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A day of shame for Malaysia

Family members of Raymond Koh and Amri Che Mat

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We have a government which either appreciates the extrajudicial work of the police or chooses to be in denial about enforced disappearances in Malaysia, says Citizens Against Enforced Disappearances (Caged).

30 August was the International Day for Victims of Enforced Disappearances.

Last year, to observe the day, Caged hosted a regional conference on enforced disappearances. We invited the foreign minister to give the keynote speech at a well-known hotel in Kuala Lumpur, to 120 attendees.

We did so because, while he was in the “Global Movement of Moderates”, funded by the Najib government and again, soon after he became foreign minister in “New Malaysia”, he made noises about Malaysia ratifying international covenants, including the International Convention Against All forms of Racial Discrimination.

We hoped that under him, Malaysia would be the second-last of the 57 Organization of Islamic Countries to ratify the convention. (Presently only Malaysia and Brunei have not ratified it.)

We hoped that under him, Malaysia would also ratify the International Convention for the Protection of All Persons from Enforced Disappearances.

We hoped Malaysia would stop being a left-behind state. We hoped Malaysia would move into the ranks of enlightened nations who give more than lip-service to justice.

Saifuddin didn’t even bother to reply to us. Neither did he make any statement about the day. We expect he will remain similarly silent this year.

His silence is remarkable, since Malaysia, this year, joined the ranks of certified police states – states in which the government reserves the right to abduct and disappear “inconvenient persons”.

READ MORE:  Enforced disappearances: Urgent to tackle victims' rights

Malaysia joined the ranks of Argentina, Chile and Israel, when, on 3 April, the Human Rights Commission of Malaysia, Suhakam, concluded its 18-month inquiry into the disappearances of social activist Amri Che Mat and pastor Raymond Koh with a damning conclusion.

The Suhakam inquiry panel, comprising a retired judge of the Court of Appeal (Mah Weng Kwai) and two law professors (Prof Aishah Bidin and Nik Salida Suhaila Nik Saleh), wrote: “The direct and circumstantial evidence … proves, on a balance of probabilities, that [Amri Che Mat and Raymond Koh were] abducted by State agents namely, the Special Branch, Bukit Aman, Kuala Lumpur.”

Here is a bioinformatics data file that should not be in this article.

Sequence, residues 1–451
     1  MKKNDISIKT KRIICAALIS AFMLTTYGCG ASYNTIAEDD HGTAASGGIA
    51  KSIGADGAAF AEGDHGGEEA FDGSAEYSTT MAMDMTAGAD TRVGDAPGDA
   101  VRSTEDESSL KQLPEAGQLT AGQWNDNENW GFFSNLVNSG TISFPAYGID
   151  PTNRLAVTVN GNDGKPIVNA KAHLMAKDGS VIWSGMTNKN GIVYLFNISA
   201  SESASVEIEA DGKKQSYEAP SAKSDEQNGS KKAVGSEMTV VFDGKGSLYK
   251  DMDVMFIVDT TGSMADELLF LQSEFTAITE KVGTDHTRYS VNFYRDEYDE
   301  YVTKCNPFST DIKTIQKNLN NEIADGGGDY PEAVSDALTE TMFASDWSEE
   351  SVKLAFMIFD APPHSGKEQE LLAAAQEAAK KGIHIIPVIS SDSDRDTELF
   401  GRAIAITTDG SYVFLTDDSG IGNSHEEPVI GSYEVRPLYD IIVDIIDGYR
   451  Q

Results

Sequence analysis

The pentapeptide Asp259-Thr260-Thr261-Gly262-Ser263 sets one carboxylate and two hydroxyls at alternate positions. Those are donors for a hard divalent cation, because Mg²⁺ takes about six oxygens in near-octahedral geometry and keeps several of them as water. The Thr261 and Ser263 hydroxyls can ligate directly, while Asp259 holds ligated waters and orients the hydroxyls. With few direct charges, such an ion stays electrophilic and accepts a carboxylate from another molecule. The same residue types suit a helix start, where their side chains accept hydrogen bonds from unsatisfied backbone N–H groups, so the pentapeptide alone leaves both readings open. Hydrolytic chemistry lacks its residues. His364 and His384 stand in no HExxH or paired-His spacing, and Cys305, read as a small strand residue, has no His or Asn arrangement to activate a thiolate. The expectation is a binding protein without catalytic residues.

In March, our cabinet warmly dispatched the minister for religious affairs to Christchurch, New Zealand, to commiserate with survivors of the brutal killings of members of a tiny minority, in two mosques.

The minister even held a “peace rally” in Kuala Lumpur in response to the Christchurch shootings. The de facto leader of PKR, “the Justice Party”, tabled an emergency motion in Parliament to debate the Christchurch shootings by a lone actor.

In April, our cabinet coldly disdained from even expressing shock at the abduction and disappearance by the state of an alleged Shiite social activist and a Christian pastor under the previous government. Our prime minister brushed off Suhakam’s conclusion as “based on hearsay”.

To date, the cabinet has not acted on the recommendation of Suhakam to appoint investigators to do the basic investigative work, which the police failed to do in the two cases. The original investigating officers apparently continue to have charge of the cases.

READ MORE:  Dedahkan mengapa polis kecewakan keluarga Amri Che Mat

Instead, the home minister has appointed a bogus task force with no published terms of reference and with two members who have conflicts of interest. Appointees to the bogus task force even included a person who represented the police at the inquiry. Unlike the other two members, this member responded honourably to public clamour. He withdrew.

Worse, the bogus task force appears complicit in a bogus claim included in an appeal released by the police this week.

In the statement, the police claim Suhakam accused the police of not cooperating with the inquiry because one Saiful Bahari, a civilian employee of the police, failed to give evidence at the inquiry.

In truth, the investigating officer in Amri’s case was cornered into disclosing the identity of Saiful after a police whistleblower revealed that Saiful worked for the police in Kuala Lumpur.

The police even admitted to having approved an absurdly large number of leave days for Saiful in 2017 and gave conflicting testimony about what work Saiful did for them! Saiful worked for the police for 18 years.

Multiple cases of misconduct of police officers were indicated during the inquiry, including fabrication of evidence and making of false police reports. Yet the police disciplinary authority (JIPS) appears to have taken no action against any of the complicit officers.

Suhakam’s scope was restricted to the disappearances of those named in the inquiry’s terms of reference. We know others have been disappeared in Malaysia, including Turkish nationals whose “return” to Turkey by Malaysia has been publicly announced by the Turkish authorities.

READ MORE:  Enforced disappearances: Urgent to tackle victims' rights

So, we have a government which either appreciates the extrajudicial work of the police or chooses to be in denial about enforced disappearances in Malaysia, while clamouring for the safety of minorities in other nations.

30 August was a day of shame for Malaysia. Will it remain so next year?

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